Sulfonate Groups and Saccharides as Essential Structural Elements in Heparin-Mimicking Polymers Used as Surface Modifiers: Optimization of Relative Contents for Antithrombogenic Properties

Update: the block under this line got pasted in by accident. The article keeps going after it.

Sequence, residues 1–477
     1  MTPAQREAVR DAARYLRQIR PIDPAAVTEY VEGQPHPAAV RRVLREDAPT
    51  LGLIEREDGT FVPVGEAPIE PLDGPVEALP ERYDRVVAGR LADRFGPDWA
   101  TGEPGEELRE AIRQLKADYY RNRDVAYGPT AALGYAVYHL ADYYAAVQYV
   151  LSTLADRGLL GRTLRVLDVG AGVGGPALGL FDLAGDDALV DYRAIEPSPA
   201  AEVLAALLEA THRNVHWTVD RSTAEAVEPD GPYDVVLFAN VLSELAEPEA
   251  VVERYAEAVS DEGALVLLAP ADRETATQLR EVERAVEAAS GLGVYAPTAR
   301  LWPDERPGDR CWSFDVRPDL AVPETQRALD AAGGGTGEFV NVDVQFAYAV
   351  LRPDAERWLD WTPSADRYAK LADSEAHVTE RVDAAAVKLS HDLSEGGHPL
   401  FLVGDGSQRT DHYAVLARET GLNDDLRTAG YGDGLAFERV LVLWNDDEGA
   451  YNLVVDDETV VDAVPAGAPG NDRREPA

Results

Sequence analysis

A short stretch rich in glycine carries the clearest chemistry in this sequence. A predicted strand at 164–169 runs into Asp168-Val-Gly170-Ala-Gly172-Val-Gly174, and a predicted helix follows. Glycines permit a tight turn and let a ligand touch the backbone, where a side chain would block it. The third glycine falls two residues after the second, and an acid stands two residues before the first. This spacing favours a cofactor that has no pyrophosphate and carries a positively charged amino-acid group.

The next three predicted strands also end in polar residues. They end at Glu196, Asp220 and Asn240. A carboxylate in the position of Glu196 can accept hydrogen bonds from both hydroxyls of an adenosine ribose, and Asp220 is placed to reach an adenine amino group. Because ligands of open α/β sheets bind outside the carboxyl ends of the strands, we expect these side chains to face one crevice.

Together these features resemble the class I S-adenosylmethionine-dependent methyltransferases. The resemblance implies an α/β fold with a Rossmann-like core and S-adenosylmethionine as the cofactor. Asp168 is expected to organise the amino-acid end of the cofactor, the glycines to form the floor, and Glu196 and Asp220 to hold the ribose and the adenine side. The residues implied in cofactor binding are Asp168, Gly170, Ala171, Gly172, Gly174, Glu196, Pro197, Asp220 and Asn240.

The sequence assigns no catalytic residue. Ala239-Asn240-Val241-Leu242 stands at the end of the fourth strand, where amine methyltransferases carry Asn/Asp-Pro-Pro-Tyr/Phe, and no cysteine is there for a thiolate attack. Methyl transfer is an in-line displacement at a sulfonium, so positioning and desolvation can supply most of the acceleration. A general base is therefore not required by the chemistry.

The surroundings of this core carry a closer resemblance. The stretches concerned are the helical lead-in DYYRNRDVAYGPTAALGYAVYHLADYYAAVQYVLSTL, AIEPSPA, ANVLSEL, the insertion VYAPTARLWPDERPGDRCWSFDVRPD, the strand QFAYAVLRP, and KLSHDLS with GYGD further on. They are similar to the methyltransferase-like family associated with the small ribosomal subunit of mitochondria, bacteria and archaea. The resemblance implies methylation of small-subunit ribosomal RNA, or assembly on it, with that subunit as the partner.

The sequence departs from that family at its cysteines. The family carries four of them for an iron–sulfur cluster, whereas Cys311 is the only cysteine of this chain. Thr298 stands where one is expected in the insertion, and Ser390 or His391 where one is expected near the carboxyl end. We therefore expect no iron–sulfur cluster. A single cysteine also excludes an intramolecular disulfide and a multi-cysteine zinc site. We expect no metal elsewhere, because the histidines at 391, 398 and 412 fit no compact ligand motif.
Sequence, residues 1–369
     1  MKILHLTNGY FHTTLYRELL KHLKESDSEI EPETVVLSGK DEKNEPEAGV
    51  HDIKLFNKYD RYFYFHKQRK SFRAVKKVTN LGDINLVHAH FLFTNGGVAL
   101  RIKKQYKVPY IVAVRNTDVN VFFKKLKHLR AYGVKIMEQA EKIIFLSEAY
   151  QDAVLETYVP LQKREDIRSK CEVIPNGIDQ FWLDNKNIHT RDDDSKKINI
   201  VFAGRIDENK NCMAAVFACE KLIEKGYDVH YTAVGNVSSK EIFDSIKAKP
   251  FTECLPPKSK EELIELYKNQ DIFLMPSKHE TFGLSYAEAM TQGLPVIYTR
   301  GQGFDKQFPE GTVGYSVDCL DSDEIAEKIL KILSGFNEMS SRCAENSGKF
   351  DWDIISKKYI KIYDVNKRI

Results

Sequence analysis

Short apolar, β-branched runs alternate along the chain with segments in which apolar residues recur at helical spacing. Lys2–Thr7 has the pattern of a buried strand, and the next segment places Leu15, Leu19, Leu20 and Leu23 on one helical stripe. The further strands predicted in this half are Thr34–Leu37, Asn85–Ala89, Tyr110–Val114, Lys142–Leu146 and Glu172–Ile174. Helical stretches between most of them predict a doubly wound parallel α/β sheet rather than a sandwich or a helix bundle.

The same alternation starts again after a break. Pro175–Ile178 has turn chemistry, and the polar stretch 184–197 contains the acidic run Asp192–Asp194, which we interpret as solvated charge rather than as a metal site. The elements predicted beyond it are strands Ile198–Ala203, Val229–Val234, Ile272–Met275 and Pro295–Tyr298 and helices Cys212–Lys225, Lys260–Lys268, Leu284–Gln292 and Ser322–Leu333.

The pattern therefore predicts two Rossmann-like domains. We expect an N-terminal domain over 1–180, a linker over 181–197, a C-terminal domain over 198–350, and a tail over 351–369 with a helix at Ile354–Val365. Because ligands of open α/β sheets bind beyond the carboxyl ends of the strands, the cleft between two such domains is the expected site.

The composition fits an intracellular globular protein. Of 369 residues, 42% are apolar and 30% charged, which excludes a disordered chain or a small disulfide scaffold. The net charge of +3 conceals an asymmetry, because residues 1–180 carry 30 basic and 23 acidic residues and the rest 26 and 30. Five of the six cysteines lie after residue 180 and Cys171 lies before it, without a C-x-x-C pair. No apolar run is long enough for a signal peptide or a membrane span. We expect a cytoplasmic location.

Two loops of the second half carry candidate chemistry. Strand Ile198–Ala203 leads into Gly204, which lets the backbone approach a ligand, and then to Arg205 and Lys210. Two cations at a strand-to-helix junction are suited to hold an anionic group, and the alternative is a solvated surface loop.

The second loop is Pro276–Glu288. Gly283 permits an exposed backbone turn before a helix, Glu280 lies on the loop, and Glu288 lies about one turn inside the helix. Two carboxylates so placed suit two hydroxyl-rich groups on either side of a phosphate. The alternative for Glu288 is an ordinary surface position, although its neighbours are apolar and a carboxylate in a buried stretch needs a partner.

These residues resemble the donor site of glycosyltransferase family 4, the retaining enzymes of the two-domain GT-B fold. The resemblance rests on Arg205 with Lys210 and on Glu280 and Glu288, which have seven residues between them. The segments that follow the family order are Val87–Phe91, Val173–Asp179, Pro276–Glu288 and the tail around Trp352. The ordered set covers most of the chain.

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Blood compatibility is a long sought-after goal in biomaterials research, but remains an elusive one, and in spite of extensive work in this area, there is still no definitive information on the relationship between material properties and blood responses such as coagulation and thrombus formation. Materials modified with heparin-mimicking polymers have shown promise and indeed may be seen as comparable to materials modified with heparin itself. In this work, heparin was conceptualized as consisting of two major structural elements: saccharide- and sulfonate-containing units, and polymers based on this concept were developed. Copolymers of 2-methacrylamido glucopyranose, containing saccharide groups, and sodium 4-vinylbenzenesulfonate, containing sulfonate groups, were graft-polymerized on vinyl-functionalized polyurethane (PU) surfaces by free radical polymerization. This graft polymerization method is simple, and the saccharide and sulfonate contents are tunable by regulating the feed ratio of the monomers. Homopolymer-grafted materials, containing only sulfonate or saccharide groups, showed different effects on cell-surface interactions including platelet adhesion, adhesion and proliferation of vascular endothelial cells, and adhesion and proliferation of smooth muscle cells. The copolymer-grafted materials showed effects due to both sulfonate and saccharide elements with respect to blood responses, and the optimum composition was obtained at a 2:1 ratio of sulfonate to saccharide units (material designated as PU-PS1M1). In cell adhesion experiments, this material showed the lowest platelet and human umbilical vein smooth muscle cell density and the highest human umbilical vein endothelial cell density. Among the materials investigated, PU-PS1M1 also had the longest plasma clotting time. This material was thus shown to be multifunctional with a combination of properties, suggesting thromboresistant behavior in blood contact.
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